– The Nez Perce were forced from their northeastern Oregon homeland by a fraudulent treaty and a bloody horseback war more than 130 years ago, but their passion for Wallowa County remains.
The tribe’s Wallowa Band has acquired thousands of acres on the county’s north end, making it one of the county’s bigger landowners.
Some residents worry that the tribe may love the area too much, and perhaps one day want it back. But others say the Nez Perce have been good neighbors and careful stewards of the land.
“Unless you are an Indian, it is hard to understand, but there definitely is a spiritual connection between the Wallowa Band and its homeland,” said Duane Heglie, a Native American studies professor at the University of San Diego. “A lot of the way they view the world has to do with their ancestors. The bones of their ancestors are there,” he told The Oregonian newspaper.
Since their 1877 expulsion, the Nez Perce have lived on the Colville Reservation northwest of Spokane, the Umatilla Indian Reservation near Pendleton and the Nez Perce Reservation near Lapwai, Idaho. Only three Nez Perce live in Wallowa County.
The tribe has acquired 15,325 acres as the Precious Lands Wildlife Area, developed under the Pacific Northwest Electric Power Planning and Conservation Act of 1980, and funded by the Bonneville Power Administration to mitigate habitat lost to the Snake River hydroelectric dams.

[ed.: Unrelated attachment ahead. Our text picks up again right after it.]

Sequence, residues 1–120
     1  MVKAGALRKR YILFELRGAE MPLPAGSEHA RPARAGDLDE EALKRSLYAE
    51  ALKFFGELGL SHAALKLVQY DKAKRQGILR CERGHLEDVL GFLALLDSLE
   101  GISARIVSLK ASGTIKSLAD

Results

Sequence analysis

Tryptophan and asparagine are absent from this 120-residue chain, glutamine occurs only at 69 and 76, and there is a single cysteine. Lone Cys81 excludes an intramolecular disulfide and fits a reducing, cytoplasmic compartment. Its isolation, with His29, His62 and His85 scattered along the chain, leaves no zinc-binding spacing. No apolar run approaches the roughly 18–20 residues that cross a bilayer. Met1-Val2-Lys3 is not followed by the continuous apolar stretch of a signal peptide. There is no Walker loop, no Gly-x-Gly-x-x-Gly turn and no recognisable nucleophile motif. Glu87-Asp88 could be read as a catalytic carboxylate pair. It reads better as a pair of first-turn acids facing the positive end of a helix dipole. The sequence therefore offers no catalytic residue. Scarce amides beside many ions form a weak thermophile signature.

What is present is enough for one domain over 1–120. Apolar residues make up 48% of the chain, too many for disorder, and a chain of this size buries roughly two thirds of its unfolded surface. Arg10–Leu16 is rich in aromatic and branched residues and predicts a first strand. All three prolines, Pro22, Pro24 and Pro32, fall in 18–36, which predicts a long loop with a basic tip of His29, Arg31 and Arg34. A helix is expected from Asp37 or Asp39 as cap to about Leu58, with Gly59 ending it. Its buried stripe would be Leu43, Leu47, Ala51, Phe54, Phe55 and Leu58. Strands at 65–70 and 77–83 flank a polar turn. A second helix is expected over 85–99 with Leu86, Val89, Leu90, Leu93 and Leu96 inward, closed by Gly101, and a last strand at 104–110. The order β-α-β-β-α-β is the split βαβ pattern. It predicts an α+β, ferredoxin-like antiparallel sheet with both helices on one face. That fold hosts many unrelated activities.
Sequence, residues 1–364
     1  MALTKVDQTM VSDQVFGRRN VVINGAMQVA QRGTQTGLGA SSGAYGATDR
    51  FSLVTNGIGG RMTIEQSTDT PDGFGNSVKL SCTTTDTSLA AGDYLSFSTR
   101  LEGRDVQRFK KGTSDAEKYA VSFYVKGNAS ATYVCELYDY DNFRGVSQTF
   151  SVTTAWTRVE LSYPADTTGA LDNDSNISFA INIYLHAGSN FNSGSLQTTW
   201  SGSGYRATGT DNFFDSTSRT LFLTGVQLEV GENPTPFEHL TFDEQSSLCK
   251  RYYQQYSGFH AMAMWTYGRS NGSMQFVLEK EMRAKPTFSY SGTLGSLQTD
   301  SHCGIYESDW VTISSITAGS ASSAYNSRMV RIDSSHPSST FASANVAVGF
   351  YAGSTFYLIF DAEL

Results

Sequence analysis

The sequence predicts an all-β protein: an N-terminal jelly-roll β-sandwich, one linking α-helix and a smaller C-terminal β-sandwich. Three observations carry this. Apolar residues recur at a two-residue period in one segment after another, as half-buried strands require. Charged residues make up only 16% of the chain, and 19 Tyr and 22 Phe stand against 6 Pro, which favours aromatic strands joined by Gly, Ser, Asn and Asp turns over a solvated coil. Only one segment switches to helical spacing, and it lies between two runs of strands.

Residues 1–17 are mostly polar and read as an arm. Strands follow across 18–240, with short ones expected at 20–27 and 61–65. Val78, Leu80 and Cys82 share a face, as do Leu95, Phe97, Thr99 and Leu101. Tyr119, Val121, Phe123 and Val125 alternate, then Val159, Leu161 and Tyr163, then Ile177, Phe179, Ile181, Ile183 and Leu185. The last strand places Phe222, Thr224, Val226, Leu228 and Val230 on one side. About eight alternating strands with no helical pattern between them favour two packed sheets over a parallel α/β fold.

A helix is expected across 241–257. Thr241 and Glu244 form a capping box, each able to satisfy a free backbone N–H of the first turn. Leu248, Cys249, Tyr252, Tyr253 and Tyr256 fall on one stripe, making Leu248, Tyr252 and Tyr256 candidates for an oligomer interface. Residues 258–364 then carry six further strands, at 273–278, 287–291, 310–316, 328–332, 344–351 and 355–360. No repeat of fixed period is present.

Tribal members converge there every summer for a celebration with non-Indians.
In Joseph, the tribe recently bought buildings downtown for tribal fisheries offices, sparking concerns that the tribe plans a casino.
Others have more ominous fears.
Dale Potter of Enterprise, founder of the conservative Oregon Freedom Alliance, worries the tribe may want to displace non-Native Americans.
“It is that old program of one little step at a time, and you wake up in the morning and you are gone,” said Potter, a 74-year-old retired U.S. Air Force pilot whose forebears settled along the county’s Sheep Creek in the 1880s.
Joe McCormack, a Nez Perce tribal fisheries biologist and one of the three tribal members in the county, acknowledged the tribe’s deep ties to the land, saying the Wallowa Band and Wallowa Valley are a single spiritual entity. Neither could ever be complete without the other.
The Wallowa Band still recites the old prayers and sings the old songs – their “keepings” – about their ancestral homeland, he said. He sometimes quotes Young Chief Joseph, a 19th-century Nez Perce leader who said before his death in 1904: “I love that land more than all the rest of the world.”
Fears such as Potter’s are unfounded, said McCormack, 59, an ex-Marine and Vietnam veteran.
“It’s very hard to uproot and move back to an area where you’ve been removed.” Jobs are scarce, he said. And 62 percent of the county is federally controlled.
James R. Harbeck, a Nez Perce fisheries project research leader in Joseph, said that unlike many newcomers to the isolated county, the Nez Perce have preserved access to their north-county acres.
“It’s open to everybody,” Harbeck said. “You won’t see any ‘No Trespassing’ signs.”
Tribal biologists also have helped restore the county’s salmon runs, he said. In 1999, they captured 13 spring chinook salmon at a weir on the Lostine River. Last year, more than 2,000 chinook came back.
Vera Sonneck, director of the Nez Perce Tribe’s Cultural Resources Program in Lapwai, sees Wallowa County as almost heaven, the place where her Nez Perce ancestors came to hunt, fish and seek visions.
“It is a good feeling. You are at peace there.”